12 Councils – Explaining Our Faith
Doctrine developed in the face of controversy and persecution Challenges and splinter groups led to clarification and expression of church teachings Councils were an effective way to clarify major theological disagreements that threatened Church unity Followed Apostolic model, and must be convened or recognized by the Pope Personification of the Christian Doctrine:Female figure holding in her right hand a sceptre surmounted by a sun, symbol of the Christian Doctrine, while on her left arm rests a tau-shaped cross (T) around which a serpent is wound, similar to the bronze one Moses raised as a standard (Num. 21,4-9), as prefiguration of the sacrifice and resurrection of Christ (Jn. 3,13-15

13 The Great Heresies [313-476 A.D.]
Arians. Opposed by Nicaea in 325. “There was a time when he was not.” Apollinarians. Condemned 1st Constantinople, 381. Christ had a human body and a human sensitive soul, but no human rational mind, the Divine Logos taking its place. Nestorians. Condemned by Ephesus, 431. Mary shouldn’t be called “Mother of God,” since she’s mother only of the human side of Jesus. Augustine refuting heretic

14 The Great Heresies [313-476 A.D.]
Monophysites. Condemned by Chalcedon in 451. Jesus really has only one nature, a divine nature, which supplanted his human nature. Donatist. Condemned local Council of Arles in 314. Repeated errors of Novatianism and Montanism regarding sinners; held that sacraments administered by clergy in state of mortal sin are invalid. Pelagians. Condemned by Council of Ephesus in 431. British monk, Pelagius, denied existence of original sin; possible to achieve salvation solely through reason and free will, without necessity of grace or the Church. Pelagius

15 Council of Nicaea (325 A.D.) When the Arian crisis arose, a great council was the first move to restore order Nicaea was unique: a general, not a local, council Nicaea was summoned to determine whether Arius contradicted Church teaching, and, if so, whether he and his party could be excluded from the communion of the faithful Another dogmatic quarrel arose about the teachings of an Alexandrian priest named Arius, whose followers were called Arians. They believed that Jesus was not divine. This stirred up great controversy in the East. Constantine, who wanted to see peace restored in the East, called the bishops together for a great council to reconcile both sides. Constantine thought this was only a matter of disagreeing about words. The result of the Council of Nicaea was that Arianism was condemned and a more elaborate creed, the Nicene Creed which is still said at Mass, was written. This was a major defining moment for Christianity. This council did not bring the peace that Constantine expected. The Emperor Theodosius condemned Arianism and by the end of his reign Christianity was the sole religion allowed in the Roman Empire. The novel feature in 325 was that not only the bishops of the locality affected were convoked, but the bishops of the whole Catholic world. This was to be not a regional or provincial council, but a council for the universal church --a General Council. Nicea was summoned, not to decide for the first time what was to be held concerning our Lord's divine nature, but to determine whether Arius did or did not contradict the Church's teaching, and, if he did, whether he and his party could be excluded from the communion of the faithful Council of Nicaea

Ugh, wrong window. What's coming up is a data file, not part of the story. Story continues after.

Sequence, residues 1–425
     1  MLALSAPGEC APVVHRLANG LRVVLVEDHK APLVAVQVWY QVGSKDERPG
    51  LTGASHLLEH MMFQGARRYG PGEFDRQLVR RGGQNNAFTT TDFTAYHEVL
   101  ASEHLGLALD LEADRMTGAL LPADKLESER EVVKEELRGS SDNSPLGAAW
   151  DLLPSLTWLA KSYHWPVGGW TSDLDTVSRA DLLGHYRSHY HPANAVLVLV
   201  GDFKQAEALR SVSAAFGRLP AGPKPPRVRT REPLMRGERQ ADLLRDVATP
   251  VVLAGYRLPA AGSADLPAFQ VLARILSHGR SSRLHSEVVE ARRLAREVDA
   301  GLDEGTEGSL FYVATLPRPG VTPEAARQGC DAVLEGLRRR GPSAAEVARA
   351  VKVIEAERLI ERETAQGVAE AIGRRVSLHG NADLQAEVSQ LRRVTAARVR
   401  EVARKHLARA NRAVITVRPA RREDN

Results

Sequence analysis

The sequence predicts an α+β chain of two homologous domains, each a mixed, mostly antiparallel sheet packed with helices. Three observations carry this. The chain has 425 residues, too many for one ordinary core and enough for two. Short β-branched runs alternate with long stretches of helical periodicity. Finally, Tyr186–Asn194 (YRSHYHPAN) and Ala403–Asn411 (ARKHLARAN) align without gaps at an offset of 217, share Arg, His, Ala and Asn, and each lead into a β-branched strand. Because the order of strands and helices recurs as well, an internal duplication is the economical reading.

16 Nicaea & Arianism Arius, an Egyptian, declared that Jesus was a created being This contradicted settled Church teaching that went back to the Apostles The debate at Nicaea was a debate between Arius and his followers and historic Christianity -- about what it meant to say that Jesus was the Son of God. Christians had believed from the beginning that Jesus was the Son of God, but figuring out exactly what this meant would take hundreds of years. They had all kinds of questions: how could Jesus be both human and God? How could Christ, the Son of God, himself be God? The debates in the Church during these hundreds of years were not about whether Jesus was the Son of God - they all agreed on this. They were about what it meant to say that Jesus was the Son of God. Wrestling with what this meant began long before Constantine and the Council, and it went on long afterwards. It was not finally sorted out until the Council at Chalcedon, in 451 AD, more than a hundred years after Nicaea. At the beginning of the fourth century, one of the key players in these debates was a leader of the church at Alexandria, in Egypt, called Arius. Arius taught that Jesus, the Son of God, was a created being. There had been a time when he did not exist. And this meant that he was not equal with God the Father. A local Church Council in Egypt decided that Arius's ideas were wrong, and threw him out. But his teaching continued to grow in influence, especially in the churches of the eastern Empire. This threatened a major split. Constantine could not afford for the Church to be split, and this is why he called the Council of Nicaea. Constantine himself presided over the opening session, but this was probably more ceremonial than substantial. It was an important step forward for the church, but it did not change what Christians believed. Christians had believed that Jesus was the Son of God ever since his crucifixion and resurrection, in the first half of the first century. At Nicaea, they clarified what this meant. Arianism did not die out after the Council - it would still be influential for hundreds of years. But the statement that was put forward by the Church leaders at Nicaea is a basic statement of core Christian beliefs. It is still accepted by Churches of all kinds today - by Roman Catholic Churches, but also by Protestant Churches and by Eastern Orthodox churches. Arius The result did not change Church teaching or Christian belief – it only clarified it.